SimLeague Baseball Player's Guide
Playing the Games – The Engine and Normalization
The simulation engine that "plays" the games in SLB has greatly improved over the last several years to the point that we feel just about every possible situation from real baseball occurs in SimLeague Baseball and at very similar rates as in real-life.
The boxscore includes a detailed play-by-play that alludes to many of the intricacies of the sim engine. This is also a good place to see how managerial settings are being incorporated. Still, from the boxscore it may not be clear how the engine determines the results of each plate appearance. Here is a quick note on normalization and a brief explanation of the plate appearance decision-tree:
Normalization is a way to account for a player's performance relative to the rest of his league from that season (or entire career) in order to level the playing field for a league that mixes and matches from different eras and styles. Normalization places the batter and pitcher in a neutral era that is about half-way between the two players. Because of this most players will be playing in different eras and parks and facing different opponents than they did in real life. As a result, players should not expect to match their real-life stats exactly. Still, the player's raw numbers account for at least half of the equation, while his numbers compared to his peers account for the rest, so raw numbers are good place to start. Every event in the decision-tree is normalized but hit by pitch.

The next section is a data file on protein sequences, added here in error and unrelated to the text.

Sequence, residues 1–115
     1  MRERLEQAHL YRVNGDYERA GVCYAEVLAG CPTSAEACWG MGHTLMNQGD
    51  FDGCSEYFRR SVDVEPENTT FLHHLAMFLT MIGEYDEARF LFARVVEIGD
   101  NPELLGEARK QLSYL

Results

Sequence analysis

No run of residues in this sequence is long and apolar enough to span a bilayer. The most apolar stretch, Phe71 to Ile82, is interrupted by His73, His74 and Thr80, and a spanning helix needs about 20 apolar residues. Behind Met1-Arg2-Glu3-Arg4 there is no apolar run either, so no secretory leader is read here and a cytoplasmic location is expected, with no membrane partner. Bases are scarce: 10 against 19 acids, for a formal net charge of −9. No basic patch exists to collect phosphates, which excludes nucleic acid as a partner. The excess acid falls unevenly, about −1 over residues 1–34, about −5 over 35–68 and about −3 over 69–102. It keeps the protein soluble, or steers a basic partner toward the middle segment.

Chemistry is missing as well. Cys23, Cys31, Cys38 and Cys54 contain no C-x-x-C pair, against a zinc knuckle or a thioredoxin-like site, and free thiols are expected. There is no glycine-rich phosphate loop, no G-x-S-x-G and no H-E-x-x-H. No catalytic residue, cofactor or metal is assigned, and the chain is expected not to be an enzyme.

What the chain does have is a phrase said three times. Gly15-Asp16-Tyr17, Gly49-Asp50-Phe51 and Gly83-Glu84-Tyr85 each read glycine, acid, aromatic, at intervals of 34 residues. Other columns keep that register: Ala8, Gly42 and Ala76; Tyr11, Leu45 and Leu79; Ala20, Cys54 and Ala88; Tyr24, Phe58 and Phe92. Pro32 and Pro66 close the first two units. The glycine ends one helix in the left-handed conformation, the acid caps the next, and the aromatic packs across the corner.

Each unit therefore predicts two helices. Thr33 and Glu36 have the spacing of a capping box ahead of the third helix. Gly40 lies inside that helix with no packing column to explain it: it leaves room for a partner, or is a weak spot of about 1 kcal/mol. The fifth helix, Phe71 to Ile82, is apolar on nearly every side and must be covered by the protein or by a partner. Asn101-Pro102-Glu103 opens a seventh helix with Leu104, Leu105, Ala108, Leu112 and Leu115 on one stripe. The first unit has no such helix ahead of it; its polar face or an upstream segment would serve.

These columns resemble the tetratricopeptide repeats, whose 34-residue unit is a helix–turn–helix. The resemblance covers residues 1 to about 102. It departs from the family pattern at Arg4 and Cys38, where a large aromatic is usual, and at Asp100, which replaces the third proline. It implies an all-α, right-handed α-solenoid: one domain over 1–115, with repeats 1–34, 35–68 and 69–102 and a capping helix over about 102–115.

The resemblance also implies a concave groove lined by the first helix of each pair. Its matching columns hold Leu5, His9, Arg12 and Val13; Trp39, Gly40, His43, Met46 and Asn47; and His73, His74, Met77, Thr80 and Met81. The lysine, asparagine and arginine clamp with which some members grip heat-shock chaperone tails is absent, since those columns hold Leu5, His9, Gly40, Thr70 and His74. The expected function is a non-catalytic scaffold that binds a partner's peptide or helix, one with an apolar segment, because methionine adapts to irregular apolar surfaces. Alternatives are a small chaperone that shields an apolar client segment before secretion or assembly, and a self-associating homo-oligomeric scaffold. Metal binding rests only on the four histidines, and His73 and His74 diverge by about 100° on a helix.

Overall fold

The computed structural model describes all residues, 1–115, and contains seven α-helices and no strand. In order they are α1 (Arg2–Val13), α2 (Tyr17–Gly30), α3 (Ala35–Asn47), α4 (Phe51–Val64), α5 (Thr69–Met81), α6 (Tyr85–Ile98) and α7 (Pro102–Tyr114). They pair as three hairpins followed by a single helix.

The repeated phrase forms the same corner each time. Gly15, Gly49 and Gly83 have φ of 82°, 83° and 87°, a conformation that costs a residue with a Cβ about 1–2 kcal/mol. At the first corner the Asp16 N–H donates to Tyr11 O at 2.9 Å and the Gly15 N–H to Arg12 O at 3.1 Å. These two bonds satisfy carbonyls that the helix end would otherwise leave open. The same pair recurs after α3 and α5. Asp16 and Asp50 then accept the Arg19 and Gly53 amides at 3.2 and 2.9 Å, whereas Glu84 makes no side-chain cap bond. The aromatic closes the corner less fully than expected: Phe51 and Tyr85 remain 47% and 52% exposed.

We have done quite a bit of research to determine the impact of the batter, pitcher, defense and ballpark on each event. Historically, the batter and pitcher do not influence each event equally. To determine the outcome of each ordinary plate appearance, we first look at hit by pitch and walks which are not adjusted by ballpark or defense. Then we adjust a player's normalized batting average based on the ballpark and compare it to the opponent's average (OAV) of the pitcher to determine if the outcome is a hit. If it is a hit, we determine what type. Non-homeruns may be robbed through defense (+ plays). If the play is an out, we determine whether it is a strikeout or in play. Outs in play may become hits (- plays) or errors through defense.
Pitchers also experience in-game fatigue during game simulation. They begin the game at their listed fatigue, but will begin a non-linear decline after reaching their actual average pitches/game.